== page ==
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Free Radic Biol Med. 2000 Jun 1;28(11):1611-8.

Oxidative cellular damage associated with transformation of Helicobacter pylori from a bacillary to a coccoid form.

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Department of Biochemistry and Molecular Pathology, Osaka City University Medical School, Abeno, Osaka, Japan.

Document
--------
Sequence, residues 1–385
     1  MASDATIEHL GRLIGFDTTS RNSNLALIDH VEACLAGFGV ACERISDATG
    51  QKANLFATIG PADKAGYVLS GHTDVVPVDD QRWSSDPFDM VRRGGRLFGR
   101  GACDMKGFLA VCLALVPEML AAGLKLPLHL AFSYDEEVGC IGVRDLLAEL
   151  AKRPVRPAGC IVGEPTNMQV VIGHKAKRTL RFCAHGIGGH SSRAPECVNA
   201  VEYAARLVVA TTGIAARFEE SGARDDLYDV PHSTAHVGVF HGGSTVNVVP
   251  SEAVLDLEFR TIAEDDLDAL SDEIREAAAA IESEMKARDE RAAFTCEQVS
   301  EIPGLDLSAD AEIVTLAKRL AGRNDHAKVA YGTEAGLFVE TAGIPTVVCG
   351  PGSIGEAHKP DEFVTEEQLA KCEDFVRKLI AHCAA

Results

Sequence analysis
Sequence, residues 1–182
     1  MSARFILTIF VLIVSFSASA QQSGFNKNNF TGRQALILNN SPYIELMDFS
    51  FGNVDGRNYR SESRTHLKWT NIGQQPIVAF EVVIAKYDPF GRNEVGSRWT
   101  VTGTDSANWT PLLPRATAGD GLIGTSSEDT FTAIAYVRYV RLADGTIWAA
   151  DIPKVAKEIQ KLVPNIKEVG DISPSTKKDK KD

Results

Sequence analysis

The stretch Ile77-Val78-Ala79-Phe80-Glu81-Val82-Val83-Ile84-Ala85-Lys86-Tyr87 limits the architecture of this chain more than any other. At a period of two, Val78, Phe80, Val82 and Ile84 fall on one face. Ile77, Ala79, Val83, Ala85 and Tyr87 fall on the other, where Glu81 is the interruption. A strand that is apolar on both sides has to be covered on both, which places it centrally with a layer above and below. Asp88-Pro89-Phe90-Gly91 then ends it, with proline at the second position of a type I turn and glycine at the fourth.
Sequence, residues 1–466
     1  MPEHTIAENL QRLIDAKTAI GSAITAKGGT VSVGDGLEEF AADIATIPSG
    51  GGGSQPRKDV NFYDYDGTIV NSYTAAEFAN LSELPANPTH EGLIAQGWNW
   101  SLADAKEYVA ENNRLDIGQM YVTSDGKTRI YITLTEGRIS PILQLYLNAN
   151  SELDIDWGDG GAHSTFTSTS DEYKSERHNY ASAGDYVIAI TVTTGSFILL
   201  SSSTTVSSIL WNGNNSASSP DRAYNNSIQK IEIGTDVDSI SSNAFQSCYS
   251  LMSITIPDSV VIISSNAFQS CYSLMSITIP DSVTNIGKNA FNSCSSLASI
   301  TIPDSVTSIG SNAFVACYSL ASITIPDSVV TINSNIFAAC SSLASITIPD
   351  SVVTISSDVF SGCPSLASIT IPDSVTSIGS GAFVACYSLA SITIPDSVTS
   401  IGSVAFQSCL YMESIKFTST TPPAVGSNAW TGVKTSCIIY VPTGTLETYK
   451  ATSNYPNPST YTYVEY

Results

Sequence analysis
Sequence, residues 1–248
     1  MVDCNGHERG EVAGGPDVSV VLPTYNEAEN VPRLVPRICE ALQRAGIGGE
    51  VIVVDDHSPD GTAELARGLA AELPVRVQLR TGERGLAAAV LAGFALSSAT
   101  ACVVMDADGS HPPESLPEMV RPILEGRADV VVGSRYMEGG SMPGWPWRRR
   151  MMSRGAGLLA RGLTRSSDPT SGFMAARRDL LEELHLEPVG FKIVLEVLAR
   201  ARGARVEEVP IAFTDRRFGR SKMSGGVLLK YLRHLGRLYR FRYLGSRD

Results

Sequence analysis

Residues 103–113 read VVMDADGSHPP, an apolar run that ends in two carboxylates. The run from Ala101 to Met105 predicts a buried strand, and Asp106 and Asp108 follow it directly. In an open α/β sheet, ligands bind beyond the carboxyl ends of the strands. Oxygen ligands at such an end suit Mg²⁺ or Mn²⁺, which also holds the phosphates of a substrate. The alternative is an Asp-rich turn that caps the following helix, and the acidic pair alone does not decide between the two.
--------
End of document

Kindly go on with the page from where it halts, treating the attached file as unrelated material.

Exposure to unfavorable conditions results in the transformation of Helicobacter pylori, a gastric pathogen, from a bacillary form to a coccoid form. The mechanism and pathophysiological significance of this transformation remain unclear. The generation of the superoxide radical by H. pylori has previously been shown to inhibit the bactericidal action of nitric oxide, the concentration of which is relatively high in gastric juice. With the use of chemiluminescence probes, both the quality and quantity of reactive oxygen species generated by H. pylori have now been shown to change markedly during the transformation from the bacillary form to the coccoid form. The transformation of H. pylori was associated with oxidative modification of cellular proteins, including urease, an enzyme required for the survival of this bacterium in acidic gastric juice. Although the cellular abundance of urease protein increased during the transformation, the specific activity of the enzyme decreased and it underwent aggregation. Specific activities of both superoxide dismutase and catalase in H. pylori also decreased markedly during the transformation. The transformation of H. pylori was also associated with oxidative modification of DNA, as revealed by the generation of 8-hydroxyguanine, and subsequent DNA fragment. These observations indicate that oxidative stress elicited by endogenously generated reactive oxygen species might play an important role in the transformation of H. pylori from the bacillary form to the coccoid form.

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